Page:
The Canadian Radio-television and Telecommunications Commission (CRTC) today announced that Plentyoffish Media Inc. has paid $48,000 as part of an undertaking for an alleged violation of Canada’s anti-spam legislation.
Acting on complaints submitted by Canadians, the CRTC’s Chief Compliance and Enforcement Officer launched an investigation. Plentyoffish Media had allegedly sent commercial emails to registered users of the Plenty of Fish online dating service with an unsubscribe mechanism that was not clearly and prominently set out, and which could not be readily performed, as required by the legislation. The emails sent by Plentyoffish Media notified users of services available through their registration to the dating site. The alleged violation occurred between July 1, 2014 and
October 8, 2014.
Once made aware of the investigation by the CRTC, Plentyoffish Media updated its unsubscribe mechanism to comply with the legislation.
As part of the undertaking, Plentyoffish Media will develop and implement a compliance program to ensure that its activities are compliant with Canada’s anti-spam legislation. The compliance program will include training and education for staff and corporate policies and procedures.
The CRTC is assessing all complaints submitted to the Spam Reporting Centre that are under its mandate and a number of investigations are currently underway. The CRTC is working with its partners, both within Canada and internationally, to protect Canadians from online threats and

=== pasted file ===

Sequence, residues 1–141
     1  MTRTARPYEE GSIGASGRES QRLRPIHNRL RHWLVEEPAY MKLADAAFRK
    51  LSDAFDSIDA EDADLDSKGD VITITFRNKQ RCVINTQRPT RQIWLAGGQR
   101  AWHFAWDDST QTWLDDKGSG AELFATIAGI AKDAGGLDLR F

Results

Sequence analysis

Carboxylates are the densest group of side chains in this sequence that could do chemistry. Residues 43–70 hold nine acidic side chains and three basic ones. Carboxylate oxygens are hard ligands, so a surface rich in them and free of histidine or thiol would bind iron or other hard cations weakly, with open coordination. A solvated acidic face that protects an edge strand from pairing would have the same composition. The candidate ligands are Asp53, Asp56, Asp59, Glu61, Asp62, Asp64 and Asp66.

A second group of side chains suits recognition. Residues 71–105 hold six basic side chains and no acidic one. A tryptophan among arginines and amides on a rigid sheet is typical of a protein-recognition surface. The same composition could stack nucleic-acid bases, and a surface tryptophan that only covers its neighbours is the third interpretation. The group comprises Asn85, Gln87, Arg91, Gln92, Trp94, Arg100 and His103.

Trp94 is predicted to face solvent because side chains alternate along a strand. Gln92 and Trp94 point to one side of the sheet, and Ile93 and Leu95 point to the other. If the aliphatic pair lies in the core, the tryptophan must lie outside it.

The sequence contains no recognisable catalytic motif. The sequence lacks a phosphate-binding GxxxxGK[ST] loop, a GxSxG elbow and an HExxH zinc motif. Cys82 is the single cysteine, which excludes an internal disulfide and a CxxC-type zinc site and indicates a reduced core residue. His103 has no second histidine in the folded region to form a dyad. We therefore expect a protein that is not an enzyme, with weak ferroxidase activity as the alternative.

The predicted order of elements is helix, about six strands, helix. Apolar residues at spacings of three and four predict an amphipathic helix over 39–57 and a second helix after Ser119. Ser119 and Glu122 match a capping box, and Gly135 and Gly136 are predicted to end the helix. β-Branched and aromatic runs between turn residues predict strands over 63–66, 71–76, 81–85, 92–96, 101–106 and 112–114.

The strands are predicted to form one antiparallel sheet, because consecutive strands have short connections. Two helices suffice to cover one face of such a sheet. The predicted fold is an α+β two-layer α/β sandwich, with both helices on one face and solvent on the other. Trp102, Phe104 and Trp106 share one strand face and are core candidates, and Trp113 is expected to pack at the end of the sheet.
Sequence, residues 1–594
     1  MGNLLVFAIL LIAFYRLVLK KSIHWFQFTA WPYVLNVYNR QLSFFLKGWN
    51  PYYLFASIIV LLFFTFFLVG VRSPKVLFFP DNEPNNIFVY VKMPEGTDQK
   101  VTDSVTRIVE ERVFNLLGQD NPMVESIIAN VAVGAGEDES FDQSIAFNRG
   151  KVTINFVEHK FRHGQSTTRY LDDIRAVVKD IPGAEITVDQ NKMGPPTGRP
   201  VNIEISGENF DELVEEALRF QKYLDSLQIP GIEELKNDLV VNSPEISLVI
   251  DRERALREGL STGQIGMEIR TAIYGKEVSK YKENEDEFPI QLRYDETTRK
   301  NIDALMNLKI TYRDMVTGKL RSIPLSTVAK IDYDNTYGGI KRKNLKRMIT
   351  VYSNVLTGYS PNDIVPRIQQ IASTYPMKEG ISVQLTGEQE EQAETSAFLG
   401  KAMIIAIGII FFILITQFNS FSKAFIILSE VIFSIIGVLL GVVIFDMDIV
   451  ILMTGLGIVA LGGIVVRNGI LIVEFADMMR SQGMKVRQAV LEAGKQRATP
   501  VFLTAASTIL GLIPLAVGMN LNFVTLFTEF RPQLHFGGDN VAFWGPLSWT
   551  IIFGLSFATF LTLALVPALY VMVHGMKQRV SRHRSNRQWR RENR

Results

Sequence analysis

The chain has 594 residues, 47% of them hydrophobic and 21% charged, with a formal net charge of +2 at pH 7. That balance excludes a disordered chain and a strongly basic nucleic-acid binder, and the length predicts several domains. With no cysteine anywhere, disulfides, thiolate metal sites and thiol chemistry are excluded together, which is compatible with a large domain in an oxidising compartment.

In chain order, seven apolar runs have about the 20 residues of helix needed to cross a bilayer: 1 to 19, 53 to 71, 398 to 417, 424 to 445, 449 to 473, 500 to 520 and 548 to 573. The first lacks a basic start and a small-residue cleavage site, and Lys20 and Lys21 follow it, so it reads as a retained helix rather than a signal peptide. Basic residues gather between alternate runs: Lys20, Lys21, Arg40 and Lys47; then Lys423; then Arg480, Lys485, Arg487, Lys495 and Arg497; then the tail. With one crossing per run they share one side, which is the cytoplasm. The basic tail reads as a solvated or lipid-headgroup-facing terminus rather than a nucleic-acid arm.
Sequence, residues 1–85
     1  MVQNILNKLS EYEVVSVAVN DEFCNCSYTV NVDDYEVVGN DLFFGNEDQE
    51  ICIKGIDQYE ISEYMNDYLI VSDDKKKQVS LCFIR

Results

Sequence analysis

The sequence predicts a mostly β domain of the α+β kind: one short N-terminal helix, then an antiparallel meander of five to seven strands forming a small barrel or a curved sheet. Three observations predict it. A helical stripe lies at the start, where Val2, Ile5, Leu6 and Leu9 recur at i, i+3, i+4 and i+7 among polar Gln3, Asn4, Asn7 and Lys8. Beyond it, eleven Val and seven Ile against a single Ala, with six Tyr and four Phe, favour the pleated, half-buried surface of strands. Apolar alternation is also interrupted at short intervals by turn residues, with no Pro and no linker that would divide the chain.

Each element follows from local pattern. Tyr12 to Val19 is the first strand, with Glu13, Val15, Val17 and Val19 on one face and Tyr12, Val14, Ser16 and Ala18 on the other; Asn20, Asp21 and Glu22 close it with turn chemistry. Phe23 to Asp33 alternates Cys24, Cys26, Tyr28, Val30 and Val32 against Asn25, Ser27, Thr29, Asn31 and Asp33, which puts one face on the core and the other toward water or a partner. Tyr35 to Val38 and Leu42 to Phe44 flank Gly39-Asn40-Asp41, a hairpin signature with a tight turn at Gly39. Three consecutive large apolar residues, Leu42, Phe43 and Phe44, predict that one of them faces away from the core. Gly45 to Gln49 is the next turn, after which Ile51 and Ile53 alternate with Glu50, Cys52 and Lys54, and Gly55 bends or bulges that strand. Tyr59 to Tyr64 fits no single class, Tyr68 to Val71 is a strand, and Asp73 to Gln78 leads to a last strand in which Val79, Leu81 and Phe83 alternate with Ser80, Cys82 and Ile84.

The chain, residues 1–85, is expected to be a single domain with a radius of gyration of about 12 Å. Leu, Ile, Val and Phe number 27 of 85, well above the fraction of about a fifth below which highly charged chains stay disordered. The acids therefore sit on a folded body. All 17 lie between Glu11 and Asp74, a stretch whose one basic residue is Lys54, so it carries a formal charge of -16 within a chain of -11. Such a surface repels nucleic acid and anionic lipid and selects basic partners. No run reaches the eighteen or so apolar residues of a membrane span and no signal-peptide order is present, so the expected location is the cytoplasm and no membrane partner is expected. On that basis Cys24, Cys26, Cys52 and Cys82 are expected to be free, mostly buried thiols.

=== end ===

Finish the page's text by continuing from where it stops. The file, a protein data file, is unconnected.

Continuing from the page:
contribute to a more secure online environment.
The CRTC can discuss corrective actions with individuals, firms or organizations, which may lead to an undertaking that includes an amount to be paid and other corrective measures. As part of its powers, the CRTC can also issue warning letters, preservation demands, notices to produce,
restraining orders and notices of violation.
Canadians are encouraged to report spam to the Spam Reporting Centre. http://fightspam.gc.ca/eic/site/030.nsf/eng/h_00017.html The
information sent to the Centre is used by the CRTC, the Competition Bureau, and the Office of the Privacy Commissioner to enforce Canada’s